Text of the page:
Behind the Scenes

We’re currently drowning in the hours and hours of footage we took over the last 12 months of the Walk Sew Good journey, trying to create videos that honour the stories of those people and businesses we’ve met along the way. It’s a spectacular problem to have. We conducted over 50 glorious interviews across Vietnam, Cambodia, Laos and Thailand and we aren’t even through with editing half of them. So why is it taking us so long?

Below is a run down of what we do to bring these videos to a Facebook page/Youtube channel/Instagram feed near you. Part of the reason we wanted to share this process with you is to show people that, while it may be time consuming and a lot of work, anybody can create videos that tell a story. Other than a weekend with the Digital Storytellers crew we have had no formal media training. Despite this, we’ve had thousands and thousands of people watch and interact with the stories we’ve been sharing. If you think there’s a story in your world that has the potential to change things up and make people think, create a video. We dare you.

The Interview

Might as well start at the beginning. What normally happened was, that after a bit of online research, we showed up at a business or organisation with our phones, microphones and gorilla grip ready for anything. Getting there was sometimes a challenge in itself because people could be reluctant to give us actual addresses and tuk tuk drivers aren’t always familiar with the places we wanted to visit. Thank goodness for phones and the internet. Our problem solving skills were put to the test but we always got there in the end.


(Megan filming at Thygesen Textiles Vietnam)

Because we didn’t have the time or the capacity to visit every business before the interview to work out a quiet, beautiful place to film, we often had to improvise. People don’t realise how noisy the world is until you’re trying to find silence. Our audio has been ruined by temples blaring loud sermons, construction, coffee machines, wind and more but we make it work.

We had a list of questions we liked to ask but so often we would have such a great conversation with the person first and then we’d turn the camera on and they’d tense up. I completely get it. Point a camera in my face and my weirdness factor increases by about 78.4%. Just ask Gab, she has a whole heap of photos and videos of weird proof. Getting people to stand up, wiggle around and dance it out can get rid of some of the nervous energy and settle them down.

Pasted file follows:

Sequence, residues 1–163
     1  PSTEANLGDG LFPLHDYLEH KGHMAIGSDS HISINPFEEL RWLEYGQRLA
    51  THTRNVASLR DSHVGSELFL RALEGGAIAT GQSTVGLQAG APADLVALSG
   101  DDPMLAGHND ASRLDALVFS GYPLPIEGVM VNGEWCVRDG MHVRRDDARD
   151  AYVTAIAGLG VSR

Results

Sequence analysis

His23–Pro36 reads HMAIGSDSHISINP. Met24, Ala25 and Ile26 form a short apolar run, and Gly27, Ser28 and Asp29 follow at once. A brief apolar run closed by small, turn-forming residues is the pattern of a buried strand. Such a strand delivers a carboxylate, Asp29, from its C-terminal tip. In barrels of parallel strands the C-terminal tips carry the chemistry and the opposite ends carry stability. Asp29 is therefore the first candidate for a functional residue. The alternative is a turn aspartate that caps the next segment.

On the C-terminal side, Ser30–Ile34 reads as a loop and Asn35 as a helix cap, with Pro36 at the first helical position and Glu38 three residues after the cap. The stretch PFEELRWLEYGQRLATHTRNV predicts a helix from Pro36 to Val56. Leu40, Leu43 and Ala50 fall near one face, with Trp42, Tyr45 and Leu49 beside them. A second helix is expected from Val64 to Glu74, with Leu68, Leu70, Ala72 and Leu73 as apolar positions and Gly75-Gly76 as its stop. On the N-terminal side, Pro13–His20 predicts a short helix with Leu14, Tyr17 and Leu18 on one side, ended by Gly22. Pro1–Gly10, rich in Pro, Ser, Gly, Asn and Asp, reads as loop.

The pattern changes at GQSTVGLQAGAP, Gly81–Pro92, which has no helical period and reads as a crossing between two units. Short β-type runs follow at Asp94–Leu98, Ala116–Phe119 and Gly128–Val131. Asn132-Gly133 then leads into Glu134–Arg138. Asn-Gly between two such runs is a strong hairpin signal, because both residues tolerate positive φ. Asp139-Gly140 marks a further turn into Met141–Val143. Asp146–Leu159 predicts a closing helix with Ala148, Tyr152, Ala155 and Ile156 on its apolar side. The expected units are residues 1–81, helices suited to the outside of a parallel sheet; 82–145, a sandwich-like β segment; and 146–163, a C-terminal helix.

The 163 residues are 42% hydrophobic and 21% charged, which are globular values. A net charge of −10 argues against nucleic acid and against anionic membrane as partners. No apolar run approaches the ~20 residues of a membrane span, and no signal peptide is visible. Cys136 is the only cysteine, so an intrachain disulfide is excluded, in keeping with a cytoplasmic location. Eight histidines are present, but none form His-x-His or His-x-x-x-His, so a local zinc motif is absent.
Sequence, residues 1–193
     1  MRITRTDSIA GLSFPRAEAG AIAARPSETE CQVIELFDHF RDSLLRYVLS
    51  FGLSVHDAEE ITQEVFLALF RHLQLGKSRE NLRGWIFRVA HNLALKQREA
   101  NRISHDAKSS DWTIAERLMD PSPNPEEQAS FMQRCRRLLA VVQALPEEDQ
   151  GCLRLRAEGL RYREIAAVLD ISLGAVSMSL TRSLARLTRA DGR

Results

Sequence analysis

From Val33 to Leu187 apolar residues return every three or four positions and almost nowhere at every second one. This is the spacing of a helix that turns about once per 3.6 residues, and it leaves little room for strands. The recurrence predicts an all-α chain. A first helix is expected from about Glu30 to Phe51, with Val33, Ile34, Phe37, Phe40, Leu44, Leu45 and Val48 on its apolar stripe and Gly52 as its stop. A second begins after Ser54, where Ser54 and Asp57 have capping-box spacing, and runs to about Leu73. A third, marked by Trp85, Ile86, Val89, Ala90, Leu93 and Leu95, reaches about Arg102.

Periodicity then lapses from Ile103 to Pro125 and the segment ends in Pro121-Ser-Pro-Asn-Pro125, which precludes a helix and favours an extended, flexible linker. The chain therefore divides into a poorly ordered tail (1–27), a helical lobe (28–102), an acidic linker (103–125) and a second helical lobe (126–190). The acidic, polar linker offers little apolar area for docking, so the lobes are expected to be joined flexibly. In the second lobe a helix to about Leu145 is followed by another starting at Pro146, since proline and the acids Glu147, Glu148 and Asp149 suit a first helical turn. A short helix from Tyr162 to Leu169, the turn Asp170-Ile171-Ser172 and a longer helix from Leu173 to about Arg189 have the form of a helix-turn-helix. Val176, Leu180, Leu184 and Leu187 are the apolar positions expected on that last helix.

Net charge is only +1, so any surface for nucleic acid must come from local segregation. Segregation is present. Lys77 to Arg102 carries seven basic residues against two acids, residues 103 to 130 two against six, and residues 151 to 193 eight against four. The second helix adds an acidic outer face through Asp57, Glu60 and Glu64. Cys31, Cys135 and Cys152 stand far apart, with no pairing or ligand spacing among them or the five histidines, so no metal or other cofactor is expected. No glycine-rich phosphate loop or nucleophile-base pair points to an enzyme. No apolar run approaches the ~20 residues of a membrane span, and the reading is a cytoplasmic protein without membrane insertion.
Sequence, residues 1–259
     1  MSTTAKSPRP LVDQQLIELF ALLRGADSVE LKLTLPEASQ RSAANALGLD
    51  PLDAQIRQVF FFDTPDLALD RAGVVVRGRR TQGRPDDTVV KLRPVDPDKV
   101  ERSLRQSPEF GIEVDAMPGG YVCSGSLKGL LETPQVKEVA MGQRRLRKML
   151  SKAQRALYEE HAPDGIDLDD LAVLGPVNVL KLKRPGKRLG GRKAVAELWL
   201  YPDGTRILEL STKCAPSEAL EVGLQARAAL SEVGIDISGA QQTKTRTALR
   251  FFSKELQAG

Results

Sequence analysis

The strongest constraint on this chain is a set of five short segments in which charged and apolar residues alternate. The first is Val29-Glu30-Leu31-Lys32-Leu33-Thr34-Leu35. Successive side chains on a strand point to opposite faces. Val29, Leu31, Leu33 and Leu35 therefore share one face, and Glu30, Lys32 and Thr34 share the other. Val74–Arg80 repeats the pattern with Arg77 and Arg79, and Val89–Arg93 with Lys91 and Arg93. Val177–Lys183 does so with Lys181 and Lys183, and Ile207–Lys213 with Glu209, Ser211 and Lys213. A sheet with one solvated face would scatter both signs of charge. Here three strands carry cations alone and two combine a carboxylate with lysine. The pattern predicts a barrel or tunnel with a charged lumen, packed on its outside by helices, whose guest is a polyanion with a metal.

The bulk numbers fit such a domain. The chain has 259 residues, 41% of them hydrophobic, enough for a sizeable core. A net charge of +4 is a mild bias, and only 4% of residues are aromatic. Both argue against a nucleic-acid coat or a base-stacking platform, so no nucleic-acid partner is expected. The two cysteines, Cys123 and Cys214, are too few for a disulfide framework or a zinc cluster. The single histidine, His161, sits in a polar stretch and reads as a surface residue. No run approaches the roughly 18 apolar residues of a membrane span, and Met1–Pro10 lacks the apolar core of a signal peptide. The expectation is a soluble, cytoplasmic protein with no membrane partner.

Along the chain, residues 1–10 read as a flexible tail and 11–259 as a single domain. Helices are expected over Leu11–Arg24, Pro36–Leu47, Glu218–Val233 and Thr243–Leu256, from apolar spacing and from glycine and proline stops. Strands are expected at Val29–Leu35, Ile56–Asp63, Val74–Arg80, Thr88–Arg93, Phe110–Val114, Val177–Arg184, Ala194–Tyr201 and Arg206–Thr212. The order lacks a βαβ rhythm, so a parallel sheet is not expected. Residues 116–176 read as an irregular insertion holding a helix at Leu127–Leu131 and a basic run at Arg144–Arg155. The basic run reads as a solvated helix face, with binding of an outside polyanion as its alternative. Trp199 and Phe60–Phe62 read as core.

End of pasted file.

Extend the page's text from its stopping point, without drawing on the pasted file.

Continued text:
Interviews could take anywhere between 15 minutes to 2 hours. Gab and I took it in turns to interview people. Our technique slowly got better as we went along. Watching videos online and being interviewed ourselves really helped us hone our skills and work out what makes a good question.

We also tried to take as much footage of the facility/shop/products/people as possible so we could edit everything together later on. This wasn’t always possible though as there were times when we were interviewing somebody in a coffee shop away from their business.


(Gab filming at Chula in Hanoi, Vietnam)

The Edit

I love editing. You get to cut it all up and spend hours and hours fine tuning it. Listening to yourself interviewing can be painful and I have had to tell past video Megan to be quiet and stop saying stupid things on a number of occasions. She’s so annoying. No one likes listening to their own voice but my voice is truly awful. Way more awful than yours.

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I’ve never actually timed the editing process but it can take a really long time. You have to cut hours of footage into 2-3 minutes of gold. Selecting music for the video can take up to two hours alone. We use Adobe Premiere Pro and before we started this project we had exactly zero experience using the program. The kind people at Digital Storytellers trained us up before we left but Google and Youtube did and continue to do an excellent job of consolidating our skills. It’s kind of amazing what you can teach yourself to do these days with the power of the internet.

Once it’s all done and we’re happy with the result we send the video off for approval to the interviewee and their team and cross our fingers, toes, legs, arms and eyes, hoping they like it. This is the really nerve racking part of it. You’ve spent hours and hours creating this video and you want them to love it. It’s kind of like releasing a piece of yourself into the world.

The Release

Honestly, this part is hard. When you release a video and you’re not seeing the number of views creep up it can be a bit disheartening. Inversely, we’ve had some of our videos reach over 50,000 views and that can be a real buzz. If we were just making these videos for fun I don’t think we would be so concerned about the numbers but we’re making them for impact. We believe that the more people we reach, the more people will feel empowered to engage with and support a positive kind of fashion industry. Please share our videos whenever they pop up into your newsfeed. There are lots more to come!

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What do you think about the stories we’ve shared so far? Did any in particular resonate with you or spur you to action? We’d love to know! Please drop us a line in the comments. And if you do decide to make your own video, we’re always here to help, just drop us a line.


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